Amoxicillin is often prescribed to treat bacterial infections, but most patients get to choose the form they take. It is often available in tablets, powder, and capsules, with the latter option typically being popular for many reasons. One of the main advantages of amoxicillin capsules is that the correct dosage is usually easy to take, as the medicine does not need to be measured or cut in half. Additionally, the coating on capsules can make them easy to take without water despite their large size, and are widely available at most pharmacies. Of course, some people have trouble swallowing any type of pill, and also may be inconvenienced by the higher cost of capsules.

One of the biggest advantages of taking amoxicillin in capsule form is that they typically make it easy to take the correct dosage, which is not the case for every form of this medicine. For example, powder often has to be measured out, and tablets sometimes need to be cut in half to get the correct dose. Capsules, by contrast, typically need to be taken whole, which means that no measuring or cutting is involved. This advantage often makes them popular among patients, making them easy to find at most pharmacies.

This form of amoxicillin is often best for those who have no trouble swallowing pills, as they are often larger than tablets. Fortunately, though, they often include a slick coating on the outside that makes them easier to swallow than tablets, which means that most people do not even need to drink water with them. The fact that they can often slide down the throat easily makes them particularly convenient for those taking them on-the-go, without access to food or drinks. On the other hand, patients who dislike swallowing pills can often open the capsule and pour its contents into food, such as applesauce or pudding, to make the medicine easier to take.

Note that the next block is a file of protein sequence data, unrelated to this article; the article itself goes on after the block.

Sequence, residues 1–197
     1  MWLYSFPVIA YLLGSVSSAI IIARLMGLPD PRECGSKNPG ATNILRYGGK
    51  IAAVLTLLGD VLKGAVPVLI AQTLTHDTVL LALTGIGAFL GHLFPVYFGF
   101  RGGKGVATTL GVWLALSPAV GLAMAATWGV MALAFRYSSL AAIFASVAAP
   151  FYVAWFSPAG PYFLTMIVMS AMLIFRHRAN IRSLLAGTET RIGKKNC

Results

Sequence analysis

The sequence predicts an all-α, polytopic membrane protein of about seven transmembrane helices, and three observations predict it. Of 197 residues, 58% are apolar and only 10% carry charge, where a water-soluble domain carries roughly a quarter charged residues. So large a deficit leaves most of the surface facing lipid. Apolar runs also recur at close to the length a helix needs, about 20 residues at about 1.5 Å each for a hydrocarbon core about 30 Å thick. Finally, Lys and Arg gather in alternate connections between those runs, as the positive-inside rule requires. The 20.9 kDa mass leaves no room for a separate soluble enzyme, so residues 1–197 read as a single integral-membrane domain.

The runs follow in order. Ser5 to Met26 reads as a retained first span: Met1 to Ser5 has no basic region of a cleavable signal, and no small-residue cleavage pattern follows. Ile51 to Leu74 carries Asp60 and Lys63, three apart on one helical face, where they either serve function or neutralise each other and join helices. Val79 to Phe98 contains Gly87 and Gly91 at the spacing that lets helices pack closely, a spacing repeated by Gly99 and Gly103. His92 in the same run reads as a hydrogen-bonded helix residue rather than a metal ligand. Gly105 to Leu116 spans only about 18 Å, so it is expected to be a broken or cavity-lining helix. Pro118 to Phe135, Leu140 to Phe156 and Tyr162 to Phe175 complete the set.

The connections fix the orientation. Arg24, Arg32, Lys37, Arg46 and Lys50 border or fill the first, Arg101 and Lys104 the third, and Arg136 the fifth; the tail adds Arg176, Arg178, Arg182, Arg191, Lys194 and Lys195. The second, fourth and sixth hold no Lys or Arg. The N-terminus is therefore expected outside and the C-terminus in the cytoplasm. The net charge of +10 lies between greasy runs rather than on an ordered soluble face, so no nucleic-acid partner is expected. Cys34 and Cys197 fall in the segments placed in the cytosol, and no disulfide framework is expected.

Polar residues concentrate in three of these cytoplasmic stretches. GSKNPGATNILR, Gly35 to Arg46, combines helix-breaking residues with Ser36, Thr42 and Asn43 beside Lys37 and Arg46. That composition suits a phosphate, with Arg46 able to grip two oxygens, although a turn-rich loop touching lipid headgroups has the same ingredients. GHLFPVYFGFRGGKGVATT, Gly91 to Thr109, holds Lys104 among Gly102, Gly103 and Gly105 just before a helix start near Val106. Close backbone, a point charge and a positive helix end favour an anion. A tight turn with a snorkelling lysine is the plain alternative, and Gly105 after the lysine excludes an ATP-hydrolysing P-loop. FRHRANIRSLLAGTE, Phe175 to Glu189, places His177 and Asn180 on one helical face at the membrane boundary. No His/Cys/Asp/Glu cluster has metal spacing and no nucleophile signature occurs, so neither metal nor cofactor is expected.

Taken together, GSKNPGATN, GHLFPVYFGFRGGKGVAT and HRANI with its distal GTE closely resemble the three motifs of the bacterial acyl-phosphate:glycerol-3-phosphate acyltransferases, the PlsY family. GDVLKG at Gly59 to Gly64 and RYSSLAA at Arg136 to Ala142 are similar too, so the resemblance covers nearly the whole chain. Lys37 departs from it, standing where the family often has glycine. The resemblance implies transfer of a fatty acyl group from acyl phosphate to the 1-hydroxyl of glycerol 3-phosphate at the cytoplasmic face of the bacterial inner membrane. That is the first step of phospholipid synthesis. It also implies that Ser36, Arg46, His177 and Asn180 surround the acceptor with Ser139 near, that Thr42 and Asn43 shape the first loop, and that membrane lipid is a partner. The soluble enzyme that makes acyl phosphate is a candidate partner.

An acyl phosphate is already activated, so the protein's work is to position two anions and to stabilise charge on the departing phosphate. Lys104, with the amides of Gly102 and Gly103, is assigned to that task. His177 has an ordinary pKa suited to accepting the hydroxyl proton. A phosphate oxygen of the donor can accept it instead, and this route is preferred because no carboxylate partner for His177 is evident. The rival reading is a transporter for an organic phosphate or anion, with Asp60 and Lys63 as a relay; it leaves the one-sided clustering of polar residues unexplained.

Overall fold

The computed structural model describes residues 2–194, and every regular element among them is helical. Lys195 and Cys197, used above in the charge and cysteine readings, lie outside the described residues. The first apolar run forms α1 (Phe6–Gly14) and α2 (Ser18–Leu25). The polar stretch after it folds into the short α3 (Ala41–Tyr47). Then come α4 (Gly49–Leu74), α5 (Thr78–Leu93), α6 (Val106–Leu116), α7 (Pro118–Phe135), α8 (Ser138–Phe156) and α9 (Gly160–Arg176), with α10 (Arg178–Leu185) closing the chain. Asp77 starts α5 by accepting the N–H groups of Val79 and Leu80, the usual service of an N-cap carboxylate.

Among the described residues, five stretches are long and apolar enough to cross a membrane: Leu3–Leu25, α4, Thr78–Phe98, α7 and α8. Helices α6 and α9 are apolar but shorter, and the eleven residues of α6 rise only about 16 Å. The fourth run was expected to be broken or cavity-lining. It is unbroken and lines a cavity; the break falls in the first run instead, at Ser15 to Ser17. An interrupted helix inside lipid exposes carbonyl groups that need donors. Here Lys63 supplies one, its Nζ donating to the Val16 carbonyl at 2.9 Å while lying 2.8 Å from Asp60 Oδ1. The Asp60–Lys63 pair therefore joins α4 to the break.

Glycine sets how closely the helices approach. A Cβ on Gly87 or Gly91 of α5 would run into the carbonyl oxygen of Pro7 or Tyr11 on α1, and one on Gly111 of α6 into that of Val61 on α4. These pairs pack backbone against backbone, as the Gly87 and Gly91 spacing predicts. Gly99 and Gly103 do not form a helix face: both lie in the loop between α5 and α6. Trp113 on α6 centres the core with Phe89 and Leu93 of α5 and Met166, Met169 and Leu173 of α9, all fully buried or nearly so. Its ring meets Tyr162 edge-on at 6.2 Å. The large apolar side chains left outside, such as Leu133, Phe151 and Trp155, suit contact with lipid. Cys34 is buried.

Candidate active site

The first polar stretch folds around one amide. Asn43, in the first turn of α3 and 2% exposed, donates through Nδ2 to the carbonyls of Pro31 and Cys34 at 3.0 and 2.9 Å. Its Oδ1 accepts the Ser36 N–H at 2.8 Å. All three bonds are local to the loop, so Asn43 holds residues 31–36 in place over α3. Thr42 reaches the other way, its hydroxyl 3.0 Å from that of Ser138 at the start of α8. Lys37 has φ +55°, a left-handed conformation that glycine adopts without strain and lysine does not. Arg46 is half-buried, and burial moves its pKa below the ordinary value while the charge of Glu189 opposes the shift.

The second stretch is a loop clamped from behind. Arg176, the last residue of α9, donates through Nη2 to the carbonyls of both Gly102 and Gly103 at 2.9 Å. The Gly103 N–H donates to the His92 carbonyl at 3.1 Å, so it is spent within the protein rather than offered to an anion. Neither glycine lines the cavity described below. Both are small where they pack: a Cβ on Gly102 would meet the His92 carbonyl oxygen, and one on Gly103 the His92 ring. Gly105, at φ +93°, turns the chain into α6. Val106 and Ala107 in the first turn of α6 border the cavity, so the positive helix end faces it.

Of course, not everyone can spend time opening up amoxicillin capsules and mixing the contents with their food. For this reason, some patients choose chewable tablets instead, as this form of medication does not require them to swallow large pills or mix powder with food. Additionally, though capsules are typically easy to find at pharmacies, they are also often more expensive than other forms. These drawbacks may promote some patients to choose regular tablets, chewable tablets, or powder instead.

The Health Board is dedicated to providing accurate and trustworthy information. We carefully select reputable sources and employ a rigorous fact-checking process to maintain the highest standards. To learn more about our commitment to accuracy, read our editorial process.
Autumn Rivers
By Autumn Rivers
Autumn Rivers, a talented writer for The Health Board, holds a B.A. in Journalism from Arizona State University. Her background in journalism helps her create well-researched and engaging content, providing readers with valuable insights and information on a variety of subjects.
Discussion Comments
By anon317277 — On Feb 01, 2013

@bagley79: Go ahead. Unless it says do not use after a certain number of years, specifically, a medicine is always fine to take when "expired". Expired means that they have only tested it to be fully effective up until that date.